How to Cut and Care for Hydrangeas So They Won’t Wilt
If you are a hydrangea lover like me, then you probably remember the post I did in the spring about How to Turn Hydrangeas Pink or Blue. With this figured out, I had to find out how to keep my cut hydrangeas from wilting. Sometimes after you cut them, the blooms can start to wilt without the right care.
I have a few easy fixes to keep cut hydrangeas fresh for a long time.
How to Cut Hydrangeas So They Will Not Wilt
I have had success following these gardening tips about how to cut hydrangeas so that they will not wilt after cutting.
- Best time to cut hydrangeas is early morning.
- Hydrangea leaves come in groupings of two and you want to cut the flowers where two of the stems meet so the flower can keep flowering.
- Cut hydrangea stems about 8 inches long with leaves on them. You can trim to vase size later.
- DO NOT use clippers or a pair of scissors to cut the stems, instead use a very sharp knife with a smooth blade (not a serrated blade).
- Do not cut stem straight across. When you cut the stems with scissors or straight across the stem gets pinched which does not allow water in.
- Use the knife to cut a long diagonal cut down the length of the stem – about 2 -3 inches. This allows lots of water to enter and travel up the stem.
- Plunge the stems into water as soon as you cut them.
If you cut the stems this way, you will be rewarded with full lush blooms that will not wilt.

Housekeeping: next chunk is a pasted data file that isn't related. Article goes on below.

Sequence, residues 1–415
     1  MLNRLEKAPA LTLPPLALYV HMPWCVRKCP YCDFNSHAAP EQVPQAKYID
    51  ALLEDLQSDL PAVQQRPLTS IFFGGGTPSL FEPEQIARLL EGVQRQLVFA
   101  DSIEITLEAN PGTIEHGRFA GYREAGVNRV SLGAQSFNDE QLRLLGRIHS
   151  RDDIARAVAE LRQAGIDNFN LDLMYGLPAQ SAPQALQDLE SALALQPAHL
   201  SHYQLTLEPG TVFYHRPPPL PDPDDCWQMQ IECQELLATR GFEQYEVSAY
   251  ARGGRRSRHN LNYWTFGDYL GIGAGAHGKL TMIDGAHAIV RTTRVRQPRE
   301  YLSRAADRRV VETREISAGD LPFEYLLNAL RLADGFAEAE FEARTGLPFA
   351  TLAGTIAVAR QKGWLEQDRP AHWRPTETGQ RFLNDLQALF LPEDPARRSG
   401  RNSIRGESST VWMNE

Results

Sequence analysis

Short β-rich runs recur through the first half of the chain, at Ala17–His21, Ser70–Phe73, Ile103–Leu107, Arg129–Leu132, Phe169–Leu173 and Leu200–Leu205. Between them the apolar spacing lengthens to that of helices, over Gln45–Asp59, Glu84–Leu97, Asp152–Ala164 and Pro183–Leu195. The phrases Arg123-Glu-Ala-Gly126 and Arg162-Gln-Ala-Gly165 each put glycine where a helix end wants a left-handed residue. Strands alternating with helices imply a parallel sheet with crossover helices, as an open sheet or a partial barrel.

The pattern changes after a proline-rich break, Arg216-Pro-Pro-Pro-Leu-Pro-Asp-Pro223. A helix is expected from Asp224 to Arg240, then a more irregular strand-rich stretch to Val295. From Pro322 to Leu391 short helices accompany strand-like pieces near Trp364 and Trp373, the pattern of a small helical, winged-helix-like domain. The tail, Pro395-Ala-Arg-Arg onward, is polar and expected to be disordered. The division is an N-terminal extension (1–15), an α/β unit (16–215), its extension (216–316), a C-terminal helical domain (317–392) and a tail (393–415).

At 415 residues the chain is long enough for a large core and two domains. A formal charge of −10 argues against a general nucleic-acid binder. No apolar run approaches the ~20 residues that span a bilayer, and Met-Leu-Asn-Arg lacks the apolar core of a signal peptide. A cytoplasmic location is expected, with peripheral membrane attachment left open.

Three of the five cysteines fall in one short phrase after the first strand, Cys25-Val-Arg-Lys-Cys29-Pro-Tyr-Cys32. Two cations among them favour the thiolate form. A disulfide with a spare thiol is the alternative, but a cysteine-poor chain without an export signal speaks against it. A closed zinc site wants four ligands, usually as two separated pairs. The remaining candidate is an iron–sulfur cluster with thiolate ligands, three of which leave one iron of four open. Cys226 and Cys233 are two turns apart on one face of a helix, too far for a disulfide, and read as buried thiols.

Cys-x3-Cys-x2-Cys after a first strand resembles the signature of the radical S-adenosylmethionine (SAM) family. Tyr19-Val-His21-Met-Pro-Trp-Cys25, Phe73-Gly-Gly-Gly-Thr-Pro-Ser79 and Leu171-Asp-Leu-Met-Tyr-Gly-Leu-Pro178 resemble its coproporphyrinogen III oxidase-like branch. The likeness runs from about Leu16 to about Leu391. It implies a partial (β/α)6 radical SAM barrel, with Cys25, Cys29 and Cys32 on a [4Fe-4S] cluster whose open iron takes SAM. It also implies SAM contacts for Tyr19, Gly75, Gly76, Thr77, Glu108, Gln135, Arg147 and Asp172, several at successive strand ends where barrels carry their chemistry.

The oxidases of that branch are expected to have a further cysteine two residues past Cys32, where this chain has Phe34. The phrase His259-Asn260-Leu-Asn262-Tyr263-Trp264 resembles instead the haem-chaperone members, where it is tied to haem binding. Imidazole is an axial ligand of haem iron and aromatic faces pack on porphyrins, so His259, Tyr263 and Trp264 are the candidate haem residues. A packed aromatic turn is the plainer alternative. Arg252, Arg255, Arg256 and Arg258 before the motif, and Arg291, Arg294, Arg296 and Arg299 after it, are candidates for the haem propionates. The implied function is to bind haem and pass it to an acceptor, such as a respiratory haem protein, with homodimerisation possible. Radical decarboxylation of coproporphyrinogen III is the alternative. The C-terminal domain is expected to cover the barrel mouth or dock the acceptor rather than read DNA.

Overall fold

Free Hydrangea Vase Idea: I didn’t have a vase big enough to hold the long stemmed hydrangea blooms I cut from my yard so I used a large pickle jar that you get when you buy in bulk at places like Costco. Works perfectly.
Emergency Method to Stop Hydrangeas from Wilting
If hydrangea blooms start to wilt you can try to revive them by totally submerging them in a “bath” of water for about 40 minutes. Then recut the bottom of the stems and place the stems into boiling water for a few seconds and then back into a vase of fresh water. They should revive in a couple of hours and stay perky for a few more days.
Hydrangea Tips that May Help You Get Bigger and More Blooms Every Year
TIP – Growing Hydrangeas: You would think fertilizer is supposed to make plants grow better, but with hydrangeas, too much fertilizer actually encourages lots of leaves and fewer flowers. If you want to use fertilizer, one application of a well-balanced slow-release fertilizer in the spring should be enough.
TIP – Cutting Hydrangeas: If your hydrangea blooms on old wood (ie. last year’s stems), you should not prune much at all. You can cut the ends off the branches, up to the first set of 2 leaves, if you want to dead head the plants immediately after blooming. But cutting any more than that is probably removing some of next year’s blooms…and that includes cutting blooms for your dining room table flower arrangement.
How are your hydrangeas in your yard or garden growing this year?
Did your hydrangeas bloom this year? If not and you want to know the reason why they didn’t, try this fix for beautiful hydrangea blossoms every year.